This is one of a series of articles in which reporters from WHYY’s Health Desk Help Desk answer questions about vaccines and COVID-19 submitted by you, our audience.
The Food and Drug Administration and the Centers for Disease Control and Prevention have now authorized COVID-19 boosters for people who received the Moderna and Johnson & Johnson vaccines. (The agencies authorized the Pfizer booster about a month earlier.)
That means boosters are available to a much broader range of individuals, and that the types of vaccines people can get are more diverse.
Who is eligible to receive boosters? And which ones? Here’s what you need to know.
If your first two vaccine doses were Pfizer or Moderna …
You’re eligible to receive a booster at least six months after your second dose if:
- You’re 65 or older.
- You’re over 18 with an underlying health condition.
- You live in a long-term care setting.
- You have a job that puts you at high-risk for catching COVID-19, such as health care worker or teacher.
If you got the Johnson & Johnson shot …
If you’re over 18, you can get a second dose at least two months after your first. This booster is available to more people because the single-dose vaccine has a lower efficacy rate compared to the other two vaccines. Studies show getting a second dose significantly boosts antibody titers, particularly if the second dose is of one of the mRNA vaccines (Pfizer or Moderna).
Which brand of booster should I get?
No matter which type of vaccine you previously received, your booster can be any of the three shots that are now available.
The limited data on mixing vaccines shows that getting a booster different than your original dose or doses provides better protection. The difference is most prominent for people whose original shot was the Johnson & Johnson vaccine.
People already mix vaccine types for other illnesses, including the flu and shingles. Different types of vaccines teach the immune system how to fight viruses in different ways. That means mixing vaccines could make the immune system stronger and smarter, because it will learn how to fight viruses in more than one way, said Dr. Shobha Swaminathan, principal investigator for the Moderna Phase 3 clinical trial at Rutgers New Jersey Medical School.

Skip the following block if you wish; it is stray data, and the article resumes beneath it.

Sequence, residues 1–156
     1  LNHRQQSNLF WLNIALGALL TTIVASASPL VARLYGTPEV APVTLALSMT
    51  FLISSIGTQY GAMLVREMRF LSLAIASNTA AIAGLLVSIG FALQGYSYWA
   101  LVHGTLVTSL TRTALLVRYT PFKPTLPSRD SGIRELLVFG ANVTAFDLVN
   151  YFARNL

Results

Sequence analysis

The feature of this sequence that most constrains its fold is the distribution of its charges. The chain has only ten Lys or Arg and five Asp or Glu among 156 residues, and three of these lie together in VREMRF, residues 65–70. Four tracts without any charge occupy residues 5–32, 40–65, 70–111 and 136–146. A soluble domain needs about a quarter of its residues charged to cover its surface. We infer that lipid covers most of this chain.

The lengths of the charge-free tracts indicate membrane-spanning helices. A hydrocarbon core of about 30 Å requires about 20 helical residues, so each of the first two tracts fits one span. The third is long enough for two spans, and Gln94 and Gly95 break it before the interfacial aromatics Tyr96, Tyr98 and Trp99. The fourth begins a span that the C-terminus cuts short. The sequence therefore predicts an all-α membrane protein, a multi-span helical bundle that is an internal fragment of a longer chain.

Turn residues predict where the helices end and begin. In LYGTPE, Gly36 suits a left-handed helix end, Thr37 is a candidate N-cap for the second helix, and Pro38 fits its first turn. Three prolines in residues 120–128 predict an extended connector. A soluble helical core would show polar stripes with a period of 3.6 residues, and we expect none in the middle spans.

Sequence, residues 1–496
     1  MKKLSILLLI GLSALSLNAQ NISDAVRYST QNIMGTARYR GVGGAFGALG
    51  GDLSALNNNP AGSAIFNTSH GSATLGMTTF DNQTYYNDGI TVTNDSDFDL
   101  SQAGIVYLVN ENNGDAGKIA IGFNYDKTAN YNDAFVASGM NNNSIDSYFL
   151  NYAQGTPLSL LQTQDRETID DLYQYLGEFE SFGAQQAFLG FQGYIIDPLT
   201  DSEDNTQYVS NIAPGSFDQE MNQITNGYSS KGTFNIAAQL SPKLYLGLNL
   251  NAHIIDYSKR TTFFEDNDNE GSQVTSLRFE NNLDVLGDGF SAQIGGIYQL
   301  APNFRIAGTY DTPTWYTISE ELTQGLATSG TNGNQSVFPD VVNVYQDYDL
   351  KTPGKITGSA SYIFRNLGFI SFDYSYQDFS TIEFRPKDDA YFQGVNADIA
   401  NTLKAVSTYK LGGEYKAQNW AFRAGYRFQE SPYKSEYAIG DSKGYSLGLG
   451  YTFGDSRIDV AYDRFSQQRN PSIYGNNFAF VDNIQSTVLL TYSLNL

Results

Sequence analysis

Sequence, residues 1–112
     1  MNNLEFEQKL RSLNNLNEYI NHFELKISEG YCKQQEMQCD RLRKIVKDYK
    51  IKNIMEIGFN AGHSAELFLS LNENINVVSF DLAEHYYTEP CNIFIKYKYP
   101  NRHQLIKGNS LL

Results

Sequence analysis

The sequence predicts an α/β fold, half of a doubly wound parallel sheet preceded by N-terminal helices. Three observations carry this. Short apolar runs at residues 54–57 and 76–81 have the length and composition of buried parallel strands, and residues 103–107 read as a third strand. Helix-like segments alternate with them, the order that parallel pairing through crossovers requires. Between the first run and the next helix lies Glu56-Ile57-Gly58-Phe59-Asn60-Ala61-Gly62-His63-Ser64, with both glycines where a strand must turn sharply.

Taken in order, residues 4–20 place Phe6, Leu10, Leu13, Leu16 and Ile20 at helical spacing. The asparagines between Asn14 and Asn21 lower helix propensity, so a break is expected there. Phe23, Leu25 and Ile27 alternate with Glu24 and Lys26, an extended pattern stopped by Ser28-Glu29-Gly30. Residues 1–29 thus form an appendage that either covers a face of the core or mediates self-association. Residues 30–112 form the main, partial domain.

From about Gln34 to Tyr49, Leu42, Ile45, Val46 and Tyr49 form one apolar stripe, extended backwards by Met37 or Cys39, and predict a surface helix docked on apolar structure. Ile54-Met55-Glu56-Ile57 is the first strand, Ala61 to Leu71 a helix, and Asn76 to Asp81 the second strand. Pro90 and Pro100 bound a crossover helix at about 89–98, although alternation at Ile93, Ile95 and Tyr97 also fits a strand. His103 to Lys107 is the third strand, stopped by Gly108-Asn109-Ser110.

“When you give the body other types of information, it will be able to produce a more diverse and therefore a more robust immune response,” she said. “When you have a more diverse vaccine strategy, the body’s immune response is more diverse, and therefore will probably be more capable of addressing variants that occur.”
Swaminathan said if you’re eligible for a booster, you should get whatever vaccine type is available.
“If you got Pfizer before and you go to a pharmacy and they only have a Pfizer, I wouldn’t necessarily go looking for Moderna, or vice versa,” she said.
What’s the difference between them?
All three shots of Pfizer are the same, as are both Johnson & Johnson’s doses. However, the Moderna booster is only half the dose of the original, because clinical trials showed it was just as effective as a higher dose. It also means more vaccines will be available to the public.
It’s important to note that a booster is not the same as a third dose.
A booster is meant to top off your immune response.
A third dose is for people who didn’t get an adequate response to the first two doses, such as people who are immunocompromised. People with compromised immune systems who got the Moderna vaccine will get a full dose for their third shot — not the half-dose booster.
What does the future look like?
Many companies are studying boosters that target specific variants, to see if there might be any differences and how frequently people will need them. More research on whether boosters are needed for healthy young adults is needed before health officials can make recommendations for them.
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